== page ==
The weekend that retailers and shoppers have been waiting for has finally arrived. Bargain hunters everywhere will be waiting in line and logging on to find the best deals available between Black Friday and Cyber Monday. Unfortunately, with all that excitement also comes a very high threat of credit card fraud.
Sellers are certainly doing their part to play defense in this game of digital cat-and-mouse. eCommerce merchants spend more than 7% of their total annual revenue combating fraud, according to a recent report by InternetRetailer. That’s a pretty large amount of money devoted to trying to stop cyber-thieves who always seem to be two steps ahead of the good guys.
As online and mobile sales continue to rise, so does the fraud total involving sales categorized as card-not-present, or CNP. This refers to any sales that are made to consumers who are not physically there to hand over their credit cards, either by computer, smartphone, tablet, phone call, or fax. The hackers take full advantage of CNP purchases, to the tune of what is expected to jump to an estimated $6.4 billion by 2018.
This may sound all bad, and for retailers, it’s obviously a costly part of doing business. Buyers, though, also have technology on their side. While chip credit cards are helping to curb fraud at brick-and-mortar stores, online merchants aren’t just sitting back and ignoring the problem. Sellers are using everything from fraud detection software and two-step verification to data encryption to protect their customers.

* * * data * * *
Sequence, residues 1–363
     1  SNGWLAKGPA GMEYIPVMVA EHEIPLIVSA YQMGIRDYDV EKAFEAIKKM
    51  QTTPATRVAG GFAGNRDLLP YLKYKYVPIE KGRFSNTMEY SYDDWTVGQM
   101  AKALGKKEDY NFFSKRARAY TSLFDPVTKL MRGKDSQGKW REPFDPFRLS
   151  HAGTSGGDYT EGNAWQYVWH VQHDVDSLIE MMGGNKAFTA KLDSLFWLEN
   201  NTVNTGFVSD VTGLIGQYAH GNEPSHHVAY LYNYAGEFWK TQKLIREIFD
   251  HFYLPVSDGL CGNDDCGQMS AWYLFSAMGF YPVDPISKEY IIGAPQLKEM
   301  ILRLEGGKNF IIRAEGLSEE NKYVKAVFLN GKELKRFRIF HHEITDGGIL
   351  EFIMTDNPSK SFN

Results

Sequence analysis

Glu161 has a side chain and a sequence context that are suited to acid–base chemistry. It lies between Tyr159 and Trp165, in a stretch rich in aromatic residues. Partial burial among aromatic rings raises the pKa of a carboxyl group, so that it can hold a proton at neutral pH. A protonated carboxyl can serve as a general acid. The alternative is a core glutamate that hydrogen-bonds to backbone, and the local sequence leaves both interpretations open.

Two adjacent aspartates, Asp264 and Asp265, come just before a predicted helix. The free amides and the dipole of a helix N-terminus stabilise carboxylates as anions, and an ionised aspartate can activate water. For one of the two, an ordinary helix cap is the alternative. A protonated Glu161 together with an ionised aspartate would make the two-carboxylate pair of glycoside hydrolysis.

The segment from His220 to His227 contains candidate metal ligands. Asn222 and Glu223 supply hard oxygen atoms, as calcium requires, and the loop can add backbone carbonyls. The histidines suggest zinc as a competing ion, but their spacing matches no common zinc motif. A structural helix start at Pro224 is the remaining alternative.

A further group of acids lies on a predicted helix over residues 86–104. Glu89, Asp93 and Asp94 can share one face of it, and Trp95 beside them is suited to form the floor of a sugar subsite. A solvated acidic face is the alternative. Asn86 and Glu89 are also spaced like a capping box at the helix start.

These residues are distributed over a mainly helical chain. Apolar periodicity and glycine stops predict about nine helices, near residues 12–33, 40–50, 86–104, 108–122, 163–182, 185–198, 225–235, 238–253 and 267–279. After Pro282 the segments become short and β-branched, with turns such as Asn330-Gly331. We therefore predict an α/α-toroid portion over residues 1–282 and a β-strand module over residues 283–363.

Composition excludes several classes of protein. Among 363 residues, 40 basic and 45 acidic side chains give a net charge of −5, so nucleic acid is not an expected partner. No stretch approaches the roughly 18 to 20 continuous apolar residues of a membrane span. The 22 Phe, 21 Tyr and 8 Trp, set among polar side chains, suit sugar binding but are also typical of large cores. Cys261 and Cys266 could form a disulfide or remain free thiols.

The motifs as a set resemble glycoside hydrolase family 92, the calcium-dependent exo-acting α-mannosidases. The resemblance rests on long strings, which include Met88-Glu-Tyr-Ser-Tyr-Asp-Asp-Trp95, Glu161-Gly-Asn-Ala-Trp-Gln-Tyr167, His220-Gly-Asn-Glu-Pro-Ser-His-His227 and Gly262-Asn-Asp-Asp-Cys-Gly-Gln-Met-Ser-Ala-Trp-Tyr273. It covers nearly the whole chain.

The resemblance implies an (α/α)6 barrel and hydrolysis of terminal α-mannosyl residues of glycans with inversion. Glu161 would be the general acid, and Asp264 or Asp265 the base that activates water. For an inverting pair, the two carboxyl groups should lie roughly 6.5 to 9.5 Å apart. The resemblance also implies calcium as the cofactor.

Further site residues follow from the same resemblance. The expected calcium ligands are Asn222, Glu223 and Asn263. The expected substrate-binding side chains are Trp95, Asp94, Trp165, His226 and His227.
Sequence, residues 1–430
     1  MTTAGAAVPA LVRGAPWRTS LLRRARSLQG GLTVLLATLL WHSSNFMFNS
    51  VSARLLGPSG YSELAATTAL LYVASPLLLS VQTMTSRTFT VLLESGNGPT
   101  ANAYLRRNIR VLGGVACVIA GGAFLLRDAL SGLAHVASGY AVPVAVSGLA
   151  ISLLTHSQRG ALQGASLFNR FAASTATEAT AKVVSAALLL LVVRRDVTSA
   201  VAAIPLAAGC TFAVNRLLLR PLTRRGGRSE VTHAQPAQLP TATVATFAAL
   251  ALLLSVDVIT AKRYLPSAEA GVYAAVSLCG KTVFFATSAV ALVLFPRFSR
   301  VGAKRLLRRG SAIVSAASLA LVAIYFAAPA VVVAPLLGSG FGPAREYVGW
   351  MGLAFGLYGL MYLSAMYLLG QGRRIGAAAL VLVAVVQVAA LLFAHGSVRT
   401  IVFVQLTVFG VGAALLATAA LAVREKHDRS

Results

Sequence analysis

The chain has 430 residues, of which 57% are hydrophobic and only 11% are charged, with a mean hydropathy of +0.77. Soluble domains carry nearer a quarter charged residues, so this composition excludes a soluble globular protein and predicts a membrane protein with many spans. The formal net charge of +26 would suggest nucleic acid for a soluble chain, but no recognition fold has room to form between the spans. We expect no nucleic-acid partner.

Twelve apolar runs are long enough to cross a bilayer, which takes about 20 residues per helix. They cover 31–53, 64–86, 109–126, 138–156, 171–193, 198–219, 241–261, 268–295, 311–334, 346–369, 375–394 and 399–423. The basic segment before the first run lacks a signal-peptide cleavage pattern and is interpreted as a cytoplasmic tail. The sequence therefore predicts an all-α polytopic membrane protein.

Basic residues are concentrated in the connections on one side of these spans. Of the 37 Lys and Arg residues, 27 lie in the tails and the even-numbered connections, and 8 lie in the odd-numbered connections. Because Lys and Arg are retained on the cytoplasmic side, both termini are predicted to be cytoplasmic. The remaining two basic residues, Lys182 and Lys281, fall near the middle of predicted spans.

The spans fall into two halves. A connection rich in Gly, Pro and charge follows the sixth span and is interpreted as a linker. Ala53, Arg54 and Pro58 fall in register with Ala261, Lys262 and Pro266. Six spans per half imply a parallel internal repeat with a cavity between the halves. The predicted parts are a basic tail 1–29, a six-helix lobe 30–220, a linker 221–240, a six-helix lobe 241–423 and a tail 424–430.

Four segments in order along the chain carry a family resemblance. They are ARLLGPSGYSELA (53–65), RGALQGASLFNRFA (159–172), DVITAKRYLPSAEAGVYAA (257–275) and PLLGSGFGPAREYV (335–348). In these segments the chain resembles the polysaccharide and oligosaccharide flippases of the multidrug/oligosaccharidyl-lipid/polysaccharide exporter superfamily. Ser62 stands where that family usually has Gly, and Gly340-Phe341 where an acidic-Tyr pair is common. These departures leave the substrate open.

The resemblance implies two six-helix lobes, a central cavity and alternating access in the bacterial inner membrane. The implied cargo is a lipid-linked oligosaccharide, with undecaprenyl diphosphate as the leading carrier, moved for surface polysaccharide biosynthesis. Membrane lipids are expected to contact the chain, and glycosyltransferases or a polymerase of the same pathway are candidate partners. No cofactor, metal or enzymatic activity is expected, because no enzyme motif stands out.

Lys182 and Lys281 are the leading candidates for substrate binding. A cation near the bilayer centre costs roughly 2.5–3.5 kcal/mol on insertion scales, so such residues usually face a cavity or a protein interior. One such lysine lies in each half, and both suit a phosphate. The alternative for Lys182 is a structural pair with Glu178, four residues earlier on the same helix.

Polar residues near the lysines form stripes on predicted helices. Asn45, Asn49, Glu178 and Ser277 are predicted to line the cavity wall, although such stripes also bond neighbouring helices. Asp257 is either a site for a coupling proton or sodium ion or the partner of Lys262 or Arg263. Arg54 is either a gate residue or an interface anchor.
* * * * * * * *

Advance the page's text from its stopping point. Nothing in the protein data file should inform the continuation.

Tokenization is also making it much harder for hackers to get access to cardholder information. Tokenization systems convert your credit card number into randomly-generated values that protect your data. More simply, your financial info is never transmitted after you make a purchase. Instead, a random series of letters and numbers is used to represent your credit card number, which means hackers never get the chance to steal any meaningful data.
In a recent research report by Worldpay, 59% of merchants say they think mobile transactions bring more risk of fraud. This makes plenty of sense, but despite the concern, a whopping two-thirds of those same survey respondents say they don’t treat mobile transactions any differently from others. One could see this as indifference or even arrogance on the part of the sellers, but the optimistic view is that it means they’re working just as hard to make it safer for you to shop across all possible platforms.
Banks are also protecting consumers as best they can, detecting potentially fraudulent activity and keeping customers from being liable for those transactions. Most financial institutions are quick to issue new credit cards and replace your money whenever your account is hit with bad charges.
Bottom line: there is no reason to change your shopping habits this holiday season. Stay vigilant and look out for yourself, but be thankful that banks and retailers are doing everything they can to protect your money, as well as their own.